Teaching Profession

Runoff Required for D.C. Union Election

By Linda Jacobson — January 11, 2005 1 min read
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The choice of a new leader for the union representing teachers in the District of Columbia—the first since a financial scandal sent its former president to federal prison last year—won’t be decided until a runoff election is held later this month.

In the Washington Teachers Union race that took place last month, George Parker, a high school math teacher and an outspoken critic of former President Barbara A. Bullock, received 520 votes, just six more than Rachel Hicks, a union field representative and a colleague of Ms. Bullock’s.

Two other candidates received a total of 324 votes.

The union’s new constitution requires winners to receive at least 50 percent of the vote. Mr. Parker won less than 40 percent.

Voter turnout for the election was low, with only 1,358 of 4,440 eligible members—fewer than a third—casting ballots.

Call for Participation

As the union, which has been headed by American Federation of Teachers administrator George C. Springer since 2003, was sending out new ballots last week for the runoff between Mr. Parker and Ms. Hicks, it urged members to take the election seriously.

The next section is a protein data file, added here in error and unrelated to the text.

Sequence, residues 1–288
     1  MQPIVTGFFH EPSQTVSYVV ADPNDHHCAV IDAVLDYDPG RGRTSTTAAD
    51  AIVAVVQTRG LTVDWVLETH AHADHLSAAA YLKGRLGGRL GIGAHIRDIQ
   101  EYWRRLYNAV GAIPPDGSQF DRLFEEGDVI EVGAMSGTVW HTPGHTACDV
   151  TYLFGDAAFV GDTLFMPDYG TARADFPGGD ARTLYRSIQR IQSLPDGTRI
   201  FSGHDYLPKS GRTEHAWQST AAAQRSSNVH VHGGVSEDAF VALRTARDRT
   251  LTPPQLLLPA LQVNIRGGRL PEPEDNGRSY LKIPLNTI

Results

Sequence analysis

“In the past, there has been some apathy,” said Terence Cooper, a spokesman for the WTU. “But we’re trying to encourage greater membership appreciation.”

The local union’s Web site tells members: “We are challenged to put behind us—but learn from—the operation of WTU prior to June 2002. This election is too important to sit out.”

Mr. Cooper said officials were also working to make any address changes necessary for members to receive ballots and would give them until Jan. 18 to request replacement ballots if they lost one or made a mistake.

The new ballots will be counted on Jan. 26, and the winner will lead the affiliate for the next two years.

When the new president takes over, control of the affiliate by its parent union will end. The AFT took control after it was revealed that Ms. Bullock had embezzled more than $4.6 million from 1995 through 2002— almost her entire tenure as president.

Ms. Bullock, who spent much of the money on designer clothing and furs, is serving a nine-year sentence in federal prison. (“State of the Unions,” Feb. 25, 2004.)

A version of this article appeared in the January 12, 2005 edition of Education Week as Runoff Required for D.C. Union Election


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